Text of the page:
Layton Green has created a complex and enjoyable fantasy world and has set his modern characters in it while skillfully balancing their twenty-first century ethos with their surroundings. The main characters are all well developed and engaging. The storytelling flows well and the writing is technically good. His merging of the fantastic world the titular brothers have to face and the mundane world they come from is smooth and doesn’t distract from the story over all. He has an especial talent for remembering the more mundane details of the fantasy world; from the taste of the bread to tired muscles after unexpected exercise.
The story frequently becomes formulaic in the telling and there are few true surprises and plot twists. The author does have a tendency to “tell and not show” especially when developing the main characters personalities and some of the secondary characters can feel two-dimensional.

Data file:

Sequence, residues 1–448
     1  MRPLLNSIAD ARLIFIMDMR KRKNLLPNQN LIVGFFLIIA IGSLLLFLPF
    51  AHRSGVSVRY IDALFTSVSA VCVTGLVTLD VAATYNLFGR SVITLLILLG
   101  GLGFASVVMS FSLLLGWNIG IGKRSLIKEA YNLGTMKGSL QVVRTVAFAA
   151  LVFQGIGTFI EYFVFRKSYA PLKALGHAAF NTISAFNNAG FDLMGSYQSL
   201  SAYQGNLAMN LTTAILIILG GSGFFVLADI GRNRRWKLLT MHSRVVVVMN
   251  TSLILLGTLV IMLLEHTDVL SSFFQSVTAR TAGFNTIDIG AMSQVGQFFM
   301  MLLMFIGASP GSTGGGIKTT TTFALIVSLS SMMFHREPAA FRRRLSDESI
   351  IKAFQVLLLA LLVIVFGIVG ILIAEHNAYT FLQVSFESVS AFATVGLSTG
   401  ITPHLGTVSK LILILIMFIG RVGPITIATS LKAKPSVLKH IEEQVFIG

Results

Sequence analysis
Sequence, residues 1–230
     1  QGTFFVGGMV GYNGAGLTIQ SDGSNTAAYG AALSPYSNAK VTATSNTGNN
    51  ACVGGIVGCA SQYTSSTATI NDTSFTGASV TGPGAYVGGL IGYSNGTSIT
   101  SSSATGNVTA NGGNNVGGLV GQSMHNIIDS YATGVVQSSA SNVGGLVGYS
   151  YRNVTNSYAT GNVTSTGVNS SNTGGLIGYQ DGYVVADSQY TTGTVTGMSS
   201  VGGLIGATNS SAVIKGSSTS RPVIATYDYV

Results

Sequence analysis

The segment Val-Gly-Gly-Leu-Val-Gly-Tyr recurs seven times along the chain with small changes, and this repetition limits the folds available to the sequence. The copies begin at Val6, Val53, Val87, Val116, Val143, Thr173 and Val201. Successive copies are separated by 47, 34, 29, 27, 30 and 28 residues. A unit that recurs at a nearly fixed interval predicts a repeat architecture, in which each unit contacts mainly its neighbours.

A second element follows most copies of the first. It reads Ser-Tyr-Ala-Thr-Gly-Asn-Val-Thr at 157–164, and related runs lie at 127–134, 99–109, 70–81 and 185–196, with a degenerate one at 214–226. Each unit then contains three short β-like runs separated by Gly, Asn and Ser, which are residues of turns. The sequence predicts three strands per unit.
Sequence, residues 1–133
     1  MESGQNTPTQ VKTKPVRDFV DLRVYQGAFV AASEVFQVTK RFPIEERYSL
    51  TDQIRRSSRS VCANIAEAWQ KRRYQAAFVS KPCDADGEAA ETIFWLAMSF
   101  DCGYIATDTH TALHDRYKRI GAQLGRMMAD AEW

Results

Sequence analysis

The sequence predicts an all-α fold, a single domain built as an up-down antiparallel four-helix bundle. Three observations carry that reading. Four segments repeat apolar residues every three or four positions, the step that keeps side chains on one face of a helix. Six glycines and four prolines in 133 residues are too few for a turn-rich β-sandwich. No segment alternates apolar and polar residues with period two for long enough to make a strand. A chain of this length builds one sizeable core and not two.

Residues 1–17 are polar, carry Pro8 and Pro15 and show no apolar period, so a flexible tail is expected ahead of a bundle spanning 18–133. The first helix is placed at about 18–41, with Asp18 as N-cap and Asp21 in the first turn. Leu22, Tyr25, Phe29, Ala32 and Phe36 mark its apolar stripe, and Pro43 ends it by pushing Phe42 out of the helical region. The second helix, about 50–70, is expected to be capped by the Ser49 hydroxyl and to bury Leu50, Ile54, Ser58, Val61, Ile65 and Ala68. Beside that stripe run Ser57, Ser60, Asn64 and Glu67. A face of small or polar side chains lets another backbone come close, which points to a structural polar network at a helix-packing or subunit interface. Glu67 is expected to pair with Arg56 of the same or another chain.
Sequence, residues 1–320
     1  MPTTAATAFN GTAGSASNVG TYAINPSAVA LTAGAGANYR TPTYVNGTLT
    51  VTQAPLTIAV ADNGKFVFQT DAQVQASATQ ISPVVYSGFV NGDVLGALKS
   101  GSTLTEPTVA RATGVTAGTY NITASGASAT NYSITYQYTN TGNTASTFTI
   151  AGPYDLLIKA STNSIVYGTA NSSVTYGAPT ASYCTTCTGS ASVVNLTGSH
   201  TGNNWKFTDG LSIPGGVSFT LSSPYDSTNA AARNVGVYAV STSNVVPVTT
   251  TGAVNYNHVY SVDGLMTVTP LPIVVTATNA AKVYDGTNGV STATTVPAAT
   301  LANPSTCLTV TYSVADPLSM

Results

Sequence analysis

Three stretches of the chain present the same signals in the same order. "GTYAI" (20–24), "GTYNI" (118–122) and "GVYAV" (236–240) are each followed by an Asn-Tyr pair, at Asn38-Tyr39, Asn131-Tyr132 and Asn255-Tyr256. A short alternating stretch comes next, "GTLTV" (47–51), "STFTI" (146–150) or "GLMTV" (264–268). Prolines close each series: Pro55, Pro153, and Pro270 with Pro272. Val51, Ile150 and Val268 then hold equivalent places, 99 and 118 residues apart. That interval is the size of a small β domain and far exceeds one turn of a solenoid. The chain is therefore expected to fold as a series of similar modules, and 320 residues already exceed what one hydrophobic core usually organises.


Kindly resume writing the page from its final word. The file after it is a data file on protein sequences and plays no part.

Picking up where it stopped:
The story is aimed at a slightly older audience with plenty of sexual (though not explicit) interaction and parents will probably want to give the book a once over before letting younger readers pick it up. There is also the usual sword and sorcery violence to consider.
All in all it was an enjoyable fantasy romp with the promise of more to come in later books. Enjoy and read at your own discretion.